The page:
When my local house-flipper friends ask how I can be sure that, when the next housing crisis comes, house prices in Atlanta will decline less than houses prices in the OC, I say that I expect and hope that they will decline more. For savers like me, price volatility is opportunity not risk. Three years ago, we were buying houses in Atlanta for less than $50,000. I wish we had that opportunity again!
When investing, I ignore the popular game of trying to predict short-term price changes. Instead, I pay attention to valuation, which can be simply observed as the long-term after-tax real yield—less than 1% for houses in the OC and nearly 5% for houses in Atlanta. The high prices/low yields of houses in the OC seem risky to me. Because I am a long-term investor, Atlanta seems the better choice.
Relative Value of Equity Markets
Perceptive readers may by now recognize that I am not just talking about rental houses. I am also talking about the valuation differential between U.S. and emerging market (EM) equities. Like the OC, the United States is prosperous and feels like the better investment choice. Like home prices in the OC, the prices of equities in the United States have risen strongly since the global financial crisis. As Table 2 shows, the U.S. equity market is priced at a Shiller P/E of 25, far above its historical median of 16.1 Like house prices in the OC, high prices for U.S. equities cause us to forecast low future returns. We forecast a 10-year annualized return of 1.1%, net of inflation, for the U.S. equity market. For the taxable investor, the real return is likely to be negative. High prices create a risk of failing to meet return goals.
Like the neighborhoods in which we buy houses in Atlanta, EM equity markets seem far away and scary. Many of the inhabitants in these geographies are less educated and less prosperous than my neighbors in Newport Beach. Like the houses in Atlanta that Donna and I are buying, prices of EM equities rose to lofty levels in 2008 before the global financial crisis, fueled by overly optimistic buyers extrapolating past price gains. And like home prices in Atlanta during the financial crisis, prices of EM equities have plunged as credit conditions have tightened. Also like house prices in Atlanta compared to those in the OC, prices for EM equities are now far below prices for U.S. equities. As displayed in Table 2, we forecast an annualized 10-year real return for the EM equity index just under 8% a year compared to just over 1% for the United States. This is for a passive index and doesn’t even count the incremental returns that we think “smart beta” strategies are likely to deliver in these markets.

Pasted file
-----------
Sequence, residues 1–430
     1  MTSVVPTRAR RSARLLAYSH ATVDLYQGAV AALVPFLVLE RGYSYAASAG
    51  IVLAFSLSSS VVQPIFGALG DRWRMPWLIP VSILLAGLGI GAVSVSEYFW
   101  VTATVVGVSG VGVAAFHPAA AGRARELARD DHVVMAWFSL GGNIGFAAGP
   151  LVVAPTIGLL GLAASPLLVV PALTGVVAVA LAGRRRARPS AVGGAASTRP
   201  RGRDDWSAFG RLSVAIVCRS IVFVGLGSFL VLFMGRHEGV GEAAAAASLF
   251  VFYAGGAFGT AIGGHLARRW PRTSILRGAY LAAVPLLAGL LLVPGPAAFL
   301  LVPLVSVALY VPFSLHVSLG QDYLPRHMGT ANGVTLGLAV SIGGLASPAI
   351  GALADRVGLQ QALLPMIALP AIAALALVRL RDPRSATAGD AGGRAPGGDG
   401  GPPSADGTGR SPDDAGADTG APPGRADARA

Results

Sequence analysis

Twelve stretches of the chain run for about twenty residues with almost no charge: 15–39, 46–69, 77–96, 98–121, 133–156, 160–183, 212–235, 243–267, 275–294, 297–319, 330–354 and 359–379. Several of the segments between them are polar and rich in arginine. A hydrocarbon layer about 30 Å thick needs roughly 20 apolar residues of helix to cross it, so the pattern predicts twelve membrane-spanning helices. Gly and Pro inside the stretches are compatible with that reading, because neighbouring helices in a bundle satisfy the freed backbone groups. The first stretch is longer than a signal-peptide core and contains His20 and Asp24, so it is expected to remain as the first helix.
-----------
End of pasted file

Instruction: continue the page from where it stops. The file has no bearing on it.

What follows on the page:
Speculating in Equities
Like my house-flipper friends, speculators in equities ask how I can be sure that equity prices in emerging markets will rise more than equity prices in the United States over the coming year. I respond that I have no clue about the prospects for short-term price changes. I am not speculating on price changes, I explain. I am investing to build long-term wealth.
Like my house-flipper friends, speculators in equities ask how I can be sure that when the next financial crisis comes, equity prices in emerging markets will decline less than equity prices in the United States. I respond that I expect, and welcome, that they will decline more. I have a long investment time horizon and add to my savings each year. I hope that I can buy assets more cheaply next year than those I am buying this year. For me, price volatility is opportunity not risk.